Understanding And Countering Muslim Extremism


This article - commissioned after the events in Paris on the evening of Friday the 13th, 2015 - will explain what Muslim extremism is, and what might be done to counter such extremism.

Based as my analysis and conclusions are on forty years of practical experience of extremism and extremists - which experience includes ten years as a radical Muslim - it presents 'an insider view' of the problem and thus provides a somewhat different perspective to that presented by many contemporary writings on the subject.

I have provided a glossary of some of the Islamic terms used, and have preferred the term Muslim extremism - the extremism manifested by those Muslims and groups, belonging to the Sunni tradition, who adhere to a particular interpretation of Quran and Sunnah - to the more common term Islamic extremism, since technically Islam is neither an -ism nor an ideology but rather submission by individuals to the will of Allah as manifest in the Quran and Sunnah.

Defining Extremism

A useful definition of extremism - based on practical experience - is that it is the principles, the causes, the characteristics, that promote, incite, or describe the harsh action of extremists, and/or what results from such harsh actions by such extremists. For an extremist is a person who tends toward harshness, or who is harsh, or who supports/incites harshness, in pursuit of some supra-personal objective, usually of a political or a religious nature; where by harsh is meant rough, severe, a tendency to be unfeeling, unempathic, uncompassionate, dishonourable.

An extremist, therefore, lacks an understanding of, or a feeling for, innocency: of treating individuals as individuals and of judging them only on the basis of a personal knowing of them extending over a period of time. Instead, the extremist uses some abstract criteria deriving from whatever ideology, or cause, or interpretation of some religion, or authoritative figure or leader, that they believe in or follow, for whatever reason or from whatever personal motive. Which abstract criteria almost always involves a division of people into an 'us' and a 'them': we, the true believers, the defenders of our cause/movement/leader/ideology/faith, and our enemies who are either intent on destroying/undermining 'us' and/or who are wrong/bad/evil and whom 'we' come to hate and despise, en masse.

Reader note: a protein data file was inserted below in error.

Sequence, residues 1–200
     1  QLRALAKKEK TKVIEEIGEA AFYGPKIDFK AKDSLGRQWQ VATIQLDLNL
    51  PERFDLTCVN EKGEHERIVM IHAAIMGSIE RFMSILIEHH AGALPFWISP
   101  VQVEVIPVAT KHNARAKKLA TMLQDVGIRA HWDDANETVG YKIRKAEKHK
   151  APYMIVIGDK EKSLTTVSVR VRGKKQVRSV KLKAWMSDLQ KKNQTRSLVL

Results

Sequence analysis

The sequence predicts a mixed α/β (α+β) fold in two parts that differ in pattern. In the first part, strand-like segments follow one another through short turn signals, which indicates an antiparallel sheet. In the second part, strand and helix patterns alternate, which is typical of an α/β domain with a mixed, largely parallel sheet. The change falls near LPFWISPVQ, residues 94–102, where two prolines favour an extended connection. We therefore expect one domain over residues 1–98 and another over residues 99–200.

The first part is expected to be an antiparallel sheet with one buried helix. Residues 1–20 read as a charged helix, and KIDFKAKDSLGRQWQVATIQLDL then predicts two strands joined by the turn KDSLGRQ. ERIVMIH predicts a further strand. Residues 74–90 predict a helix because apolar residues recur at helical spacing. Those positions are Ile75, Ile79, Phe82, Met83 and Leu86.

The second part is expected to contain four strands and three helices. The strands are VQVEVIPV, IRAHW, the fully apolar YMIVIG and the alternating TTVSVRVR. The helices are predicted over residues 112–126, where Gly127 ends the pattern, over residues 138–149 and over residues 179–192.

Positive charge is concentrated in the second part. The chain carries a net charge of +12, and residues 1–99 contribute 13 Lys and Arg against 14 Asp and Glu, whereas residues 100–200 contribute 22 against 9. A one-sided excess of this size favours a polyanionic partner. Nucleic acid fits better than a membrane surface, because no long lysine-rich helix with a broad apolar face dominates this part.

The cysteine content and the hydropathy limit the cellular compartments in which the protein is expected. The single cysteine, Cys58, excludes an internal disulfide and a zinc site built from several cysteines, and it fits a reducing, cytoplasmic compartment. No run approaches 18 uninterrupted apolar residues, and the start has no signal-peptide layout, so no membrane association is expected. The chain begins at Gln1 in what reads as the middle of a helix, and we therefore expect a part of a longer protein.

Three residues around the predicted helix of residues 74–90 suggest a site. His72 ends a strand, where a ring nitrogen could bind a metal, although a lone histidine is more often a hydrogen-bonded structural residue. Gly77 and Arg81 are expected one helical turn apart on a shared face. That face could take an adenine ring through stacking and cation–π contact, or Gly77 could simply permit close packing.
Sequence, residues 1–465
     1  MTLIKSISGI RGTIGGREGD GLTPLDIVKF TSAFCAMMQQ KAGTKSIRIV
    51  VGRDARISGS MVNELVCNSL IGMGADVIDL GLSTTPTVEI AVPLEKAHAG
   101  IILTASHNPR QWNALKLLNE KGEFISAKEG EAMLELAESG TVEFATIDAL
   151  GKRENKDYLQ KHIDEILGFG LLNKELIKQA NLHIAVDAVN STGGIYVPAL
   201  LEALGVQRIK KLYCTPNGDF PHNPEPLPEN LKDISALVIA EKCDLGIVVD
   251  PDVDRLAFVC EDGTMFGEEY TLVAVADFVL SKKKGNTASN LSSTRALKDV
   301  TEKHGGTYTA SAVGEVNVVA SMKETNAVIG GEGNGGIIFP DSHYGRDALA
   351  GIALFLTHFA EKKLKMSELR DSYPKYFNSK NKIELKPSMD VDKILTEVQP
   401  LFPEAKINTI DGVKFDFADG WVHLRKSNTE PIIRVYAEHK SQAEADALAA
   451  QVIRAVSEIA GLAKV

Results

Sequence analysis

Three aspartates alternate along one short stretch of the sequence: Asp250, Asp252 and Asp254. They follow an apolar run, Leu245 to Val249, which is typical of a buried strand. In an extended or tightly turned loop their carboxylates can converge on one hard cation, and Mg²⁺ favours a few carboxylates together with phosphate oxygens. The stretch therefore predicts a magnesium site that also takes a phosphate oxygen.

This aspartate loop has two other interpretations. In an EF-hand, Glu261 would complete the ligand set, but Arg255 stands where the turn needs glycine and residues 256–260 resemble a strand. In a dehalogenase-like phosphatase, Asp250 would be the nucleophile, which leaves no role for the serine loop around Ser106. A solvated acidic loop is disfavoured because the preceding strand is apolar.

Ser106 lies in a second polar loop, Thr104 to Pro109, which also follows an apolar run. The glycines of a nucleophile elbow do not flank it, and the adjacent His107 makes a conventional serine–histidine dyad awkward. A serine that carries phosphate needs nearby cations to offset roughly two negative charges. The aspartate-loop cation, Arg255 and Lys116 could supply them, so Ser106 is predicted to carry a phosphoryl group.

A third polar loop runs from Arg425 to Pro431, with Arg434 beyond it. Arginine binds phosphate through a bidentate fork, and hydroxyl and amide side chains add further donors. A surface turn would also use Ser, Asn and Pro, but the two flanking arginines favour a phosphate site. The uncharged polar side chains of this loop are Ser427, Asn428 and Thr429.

Thus the extremist dehumanizes their perceived enemy or enemies, viewing them not as individual human beings but rather as a commodity, as a means to a supra-personal end. Hence why, for example, the statement attributed to ad-Dawlah al-Islamiyah fil 'Iraq wa ash-Sham (Isil, 'Islamic State', Daesh) after the Friday 13 attacks mentioned 'crusaders' and called those massacred in the Bataclan theatre profane 'idolaters', with the statement beginning and ending with Quranic ayat (Al-Hashr 2 and Al-Munafiqun 8). For they were following a strategy outlined, among others, by the pseudonymous Abu Bakr Naji in the 2004 text إدارة التوحش: أخطر مرحلة ستمر بها الأمة [Administering The Chaos: The Critical Transition The Ummah Will Experience] 1 and which strategy is of using violence and killing (including massacres) to provoke a response, to reveal the practical (rather than the theoretical) nature of Jihad (part of which Jihad is to deter the enemy), to wear down enemies, and to polarize and inspire both Muslim youth and 'the Crusader enemy', all of which tactics are explained in the context of the Quran and Sunnah, and thus by reference to Shariah.

This harsh perception of individual human beings as (i) 'a means to an end', and (ii) in terms of abstract categories to which they are assigned, en masse, by extremists on the basis of whatever ideology/cause/faith the extremist believes in or professes, is the raison d'etre of all extremism. Only the categories, and the aim(s), differ.

Muslim Extremism